Shortly after I moved to Colorado, I was presented with a surprising opportunity to peer into yet another East Broad Top time capsule, sitting out on the Colorado plains. Two surviving EBT passenger cars, then part of a stillborn railroad museum, had just been bought at auction by the Friends of the East Broad Top (FETB) and were to be shipped back “home” to Orbisonia. I went to assist with the packing, but also to look at one car in particular in an effort to answer many questions surrounding its origins. This car, combine No. 18, is the oldest surviving relic of the East Broad Top, dating from 1876. As soon as I stepped onto the platform, I knew I had to build a model of this car. What I didn’t know was how much more the model was going to teach me about the prototype.
Typically, when one begins to build a model, one first looks for photographs and drawings to aide in the process. In this case, I had both—a good drawing (though I would discover one oversight in the building process) and plenty of photographs. My work as editor of the Timber Transfer, FEBT’s quarterly historical magazine, puts the majority of the group’s vast photo archives at my fingertips. These helped in many ways, but the car underwent physical changes early in its life, right around the time period I’m modeling, and prior to when most of the photos were taken. Also, the photos showed little in the way of specific details, most views being typical portrait shots of the entire car. Still, between those and my own photos, I had enough to begin the quest. I figured I’d fill in the blanks as I went along.
My first objective was to build this model as close to prototype construction as possible. This was partly due to a desire for historical accuracy, but also because, in 1:20.3, the model is large enough to do this.
Frame timbers were cut to size on my miniature table saw and assembled as per measurements and photographs I had taken of the underside of the car. Two layers of scribed siding were added on top of these timbers to form the car’s floor. End platforms were added next, likewise built like the prototype’s. The layout of the brake rigging is based on conjecture. The hardware extant on the prototype is from later, when the car was equipped with air brakes. I found a drawing depicting typical, manual brake rigging, which I adapted for this car.
For trucks, I didn’t have much choice, as commercially available, narrow-gauge passenger trucks are limited. The prototype rode on trucks with an unusually short wheelbase of only 4’2″. The wheelbase of Bachmann’s passenger truck scales out to 4’6″, which was close enough for me. Detail on the Bachmann trucks is rather crude, so I cut off all the molded-on brake rigging, adding new brake beams and other details to better match the prototype.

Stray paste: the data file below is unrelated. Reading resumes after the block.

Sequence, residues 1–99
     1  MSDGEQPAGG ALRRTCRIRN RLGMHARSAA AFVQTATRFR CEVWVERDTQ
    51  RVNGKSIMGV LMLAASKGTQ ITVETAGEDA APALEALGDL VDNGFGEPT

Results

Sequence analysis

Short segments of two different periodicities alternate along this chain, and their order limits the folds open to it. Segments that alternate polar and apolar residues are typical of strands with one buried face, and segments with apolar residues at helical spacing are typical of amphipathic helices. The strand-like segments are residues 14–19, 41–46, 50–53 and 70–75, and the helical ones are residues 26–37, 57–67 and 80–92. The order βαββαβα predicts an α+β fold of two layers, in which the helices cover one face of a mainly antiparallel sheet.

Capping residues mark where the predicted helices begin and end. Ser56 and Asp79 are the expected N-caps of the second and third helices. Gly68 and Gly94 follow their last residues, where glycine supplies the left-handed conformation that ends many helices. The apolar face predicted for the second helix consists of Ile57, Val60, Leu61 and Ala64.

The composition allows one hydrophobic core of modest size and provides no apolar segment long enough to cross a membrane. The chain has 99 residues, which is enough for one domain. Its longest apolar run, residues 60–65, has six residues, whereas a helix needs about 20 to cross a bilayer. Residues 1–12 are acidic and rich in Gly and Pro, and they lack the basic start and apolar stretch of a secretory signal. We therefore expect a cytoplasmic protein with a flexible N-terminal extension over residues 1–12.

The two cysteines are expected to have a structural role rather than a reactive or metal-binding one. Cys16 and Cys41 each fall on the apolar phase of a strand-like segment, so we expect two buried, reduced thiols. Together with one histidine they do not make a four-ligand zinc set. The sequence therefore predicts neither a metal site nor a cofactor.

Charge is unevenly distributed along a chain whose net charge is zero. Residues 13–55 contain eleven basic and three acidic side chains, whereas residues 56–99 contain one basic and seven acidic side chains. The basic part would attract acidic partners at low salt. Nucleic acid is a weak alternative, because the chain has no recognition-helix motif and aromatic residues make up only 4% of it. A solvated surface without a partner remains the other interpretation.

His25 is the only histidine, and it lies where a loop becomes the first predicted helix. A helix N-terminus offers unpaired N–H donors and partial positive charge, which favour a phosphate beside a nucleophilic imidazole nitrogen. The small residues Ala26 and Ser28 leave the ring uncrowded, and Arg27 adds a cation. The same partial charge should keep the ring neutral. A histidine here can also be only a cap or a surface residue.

The walls are built around a 1⁄8″ plywood core, with scribed siding laminated to both sides for the interior and exterior siding of the car. Each wall was built up individually, then glued to the frame. I had the window frames laser cut. I put the outside half of the frames in place, leaving off the inside frames and glazing until the model was painted.
The roof was perhaps the biggest challenge, but I got a big hand from the prototype. The clerestory on the roof was not original to the car. By the time the shop crews added it to this car, they had already converted two other cars. During those conversions, they learned (the hard way) the benefit of keeping the ribs in place to prevent the sides of the car from bowing out. When they converted combine Nº 18, they left the ribs in place. I was able, then, to build a skeleton roof frame, using pre-bent, square brass rod as the roof ribs. The brass gave the roof the strength needed and held the shape of the arch throughout the length of the roof.
When building a passenger car, a full interior is imperative. The inside of the prototype was remarkably well preserved, despite the seats being all but rotted away. The published plan matched my photographs well, so the construction went without a hitch—until I got to the toilet. My photos of the back wall of the lavatory didn’t match the plans. I had a friend crawl under the car, now back in Pennsylvania, to locate and measure the toilet discharge for me. This proved that the back wall was actually closer to the window than what’s depicted in the plan, and there was a closet added behind the toilet at some point in the car’s history. This answered the question of why the extra window, evident in old photographs, disappeared: the closet wall would have bisected the window.
No model is complete without a proper coat of paint. The colors I chose for this model were based on historic practice, though they may not have been accurate for the exact time period I’m modeling. There was enough paint still in place on the interior of the car to determine fairly accurately what the inside looked like toward the end of its in-service days, but time had all but stripped off any signs of existing exterior paint. My research into the color schemes and lettering styles of the EBT passenger cars showed no strong consistency at all, regardless of era. This led me to make an educated guess as to what the car would have looked like. The exact shade of green, even if it had been preserved, would have been subjected to the effects of time and the elements.
Historical accuracy is one of the key elements that drives my model building. Through these models, I can see history as it existed, in three dimensions and in living color, not just in grainy black-and-white images. Every time I dig into my stack of books and photos, I discover something new—something that changes my understanding of what was. Each model becomes its own history lesson and, as the train gets longer, the history becomes more complete. I’ll never know everything there is to know, so I guess I’ll just have to keep on building.